Ron Howard (Left), with "The Dark Tower" star Idris Elba and director Nikolaj Arcel

Ron Howard (Left), with “The Dark Tower” star Idris Elba and director Nikolaj Arcel

Here’s Grazer and Howard on Arcel and the rest of the team they’ve assembled:

HOWARD: “Just about the time Akiva, Modi, Brian and I we were going to give up, Tom Rothman at Sony came aboard and that was an important turning point and that led to Nik. He grew up on the books and always loved them. He really was a great choice to approach the story in the most humanistic and cool way, focusing a lot on the Jake-Roland relationship. He understood the importance of that and connected with both characters. He’s also a strong original filmmaker with great taste. He and his writing partner tackled a rewrite and Nic has done a terrific job staging it.”

BRIAN GRAZER: “We’ve definitely been working on it at least 10 years, but we found the perfect way to make it. It’s economical, and forced us to focus on the scenes that were the heartbeat of the story. It’s still a big landscape, but the scenes are more bull’s-eye than maybe it was back then. And we have the hippest cast with Idris Elba and Matthew McConaughey. We never had that cast.

HOWARD: “Akiva Goldsman and our Erica Huggins never gave up on it, and Stephen King was just so patient. We kept trying drafts, searching for collaborators. We finally got there with MRC’s Modi and Tom Rothman at Sony. Modi really got these books, and he characterizes himself as a Tower Head. Nik Arcel did a great job directing. We were very excited on that first day and we are very pleased with what we’re seeing. We’ve believed in this for so long.”

The producers are quite pleased with their two The Dark Tower leads.

On Idris Elba as Roland Deschain:

Howard: “In this iteration, when we began thinking about candidates, Idris just felt like a really exciting and dynamic possibility. Idris brings this crucial combination of coiled danger, quiet charisma, undercurrents of complexity and nobility, and a kind of timeless cool. These are the elemental qualities of Roland, in my mind, and I think Idris carries it incredibly well.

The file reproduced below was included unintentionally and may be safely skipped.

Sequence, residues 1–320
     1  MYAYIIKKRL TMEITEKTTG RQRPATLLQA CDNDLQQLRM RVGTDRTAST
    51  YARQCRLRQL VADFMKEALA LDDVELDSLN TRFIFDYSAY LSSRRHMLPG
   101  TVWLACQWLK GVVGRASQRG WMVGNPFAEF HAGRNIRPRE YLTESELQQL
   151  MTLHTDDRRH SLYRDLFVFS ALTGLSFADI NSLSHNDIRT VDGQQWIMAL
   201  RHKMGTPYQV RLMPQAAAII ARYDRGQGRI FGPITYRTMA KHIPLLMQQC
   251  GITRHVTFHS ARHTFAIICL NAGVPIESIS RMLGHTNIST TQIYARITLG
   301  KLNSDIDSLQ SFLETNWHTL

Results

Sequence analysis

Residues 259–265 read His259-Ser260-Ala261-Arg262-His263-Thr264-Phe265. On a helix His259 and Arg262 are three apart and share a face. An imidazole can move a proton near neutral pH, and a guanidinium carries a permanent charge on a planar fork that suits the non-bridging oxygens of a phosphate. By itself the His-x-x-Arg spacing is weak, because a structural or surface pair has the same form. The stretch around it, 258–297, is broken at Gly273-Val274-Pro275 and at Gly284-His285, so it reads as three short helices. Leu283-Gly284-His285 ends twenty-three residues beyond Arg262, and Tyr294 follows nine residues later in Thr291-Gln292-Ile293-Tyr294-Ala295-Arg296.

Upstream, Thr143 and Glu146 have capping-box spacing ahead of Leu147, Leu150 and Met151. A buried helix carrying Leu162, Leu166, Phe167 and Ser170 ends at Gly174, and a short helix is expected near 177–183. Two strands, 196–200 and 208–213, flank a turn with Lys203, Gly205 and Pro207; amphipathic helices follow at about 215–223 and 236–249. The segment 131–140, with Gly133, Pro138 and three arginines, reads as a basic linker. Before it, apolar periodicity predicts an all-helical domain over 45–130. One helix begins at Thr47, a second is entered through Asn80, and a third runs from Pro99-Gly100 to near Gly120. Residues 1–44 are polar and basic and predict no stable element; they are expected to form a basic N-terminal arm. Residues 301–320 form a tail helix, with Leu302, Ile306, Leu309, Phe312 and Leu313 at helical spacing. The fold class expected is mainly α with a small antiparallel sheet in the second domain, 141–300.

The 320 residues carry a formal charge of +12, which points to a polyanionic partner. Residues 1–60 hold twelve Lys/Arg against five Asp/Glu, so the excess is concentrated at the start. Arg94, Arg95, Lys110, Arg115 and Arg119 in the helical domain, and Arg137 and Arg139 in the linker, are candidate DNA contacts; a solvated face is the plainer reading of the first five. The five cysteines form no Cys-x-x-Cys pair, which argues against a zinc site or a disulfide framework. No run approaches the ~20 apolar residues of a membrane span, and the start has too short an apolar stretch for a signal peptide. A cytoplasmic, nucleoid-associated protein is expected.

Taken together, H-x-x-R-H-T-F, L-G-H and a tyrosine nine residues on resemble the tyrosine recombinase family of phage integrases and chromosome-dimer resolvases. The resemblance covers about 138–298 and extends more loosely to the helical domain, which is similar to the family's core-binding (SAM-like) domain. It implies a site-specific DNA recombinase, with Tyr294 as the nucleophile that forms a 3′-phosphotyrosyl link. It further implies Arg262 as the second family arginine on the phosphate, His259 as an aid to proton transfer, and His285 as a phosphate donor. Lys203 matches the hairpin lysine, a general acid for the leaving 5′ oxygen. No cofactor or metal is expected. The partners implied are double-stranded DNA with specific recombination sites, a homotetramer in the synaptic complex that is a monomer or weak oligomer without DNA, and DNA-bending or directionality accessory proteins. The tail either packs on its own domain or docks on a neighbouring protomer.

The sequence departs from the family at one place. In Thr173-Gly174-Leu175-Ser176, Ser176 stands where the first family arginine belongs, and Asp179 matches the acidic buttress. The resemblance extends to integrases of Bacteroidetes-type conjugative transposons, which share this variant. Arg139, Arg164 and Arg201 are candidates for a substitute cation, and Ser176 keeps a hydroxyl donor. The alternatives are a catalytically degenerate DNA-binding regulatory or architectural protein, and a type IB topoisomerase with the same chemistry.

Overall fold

On Matthew McConaughey as The Man In Black:

Howard: “I worked with him once and long have been a fan since he emerged on the scene. So is Akiva, who wrote the script for A Time To Kill. He and I always believed Matthew would be a great trip and it was a dream come true when he said yes. He brings that combination of diabolical amorality mixed with an intelligence and his own logic that he adheres to, relentlessly. And a kind of wry wit that kept readers and will keep the movie audience off balance in a very entertaining way. You never know what to expect next from the Walter character. Matthew mixes that with an undercurrent of impending violence and danger, in a very watchable way.”

I’ll admit, I’ve never read the books. And I’ve heard about this movie getting kicked around for years, and I never really cared. But I’m pretty intrigued by this project these days. Elba and McConaughey are cool cats, the subject material sounds cool, and there’s just so much that’s gone into making The Dark Tower a reality that I’m really interested to see how the whole thing turns out. 

How about you?

SOURCE: Deadline

Joseph Jammer Medina is an author, podcaster, and editor-in-chief of LRM. A graduate of Chapman University's Dodge College of Film and Television, Jammer's always had a craving for stories. From movies, television, and web content to books, anime, and manga, he's always been something of a story junkie.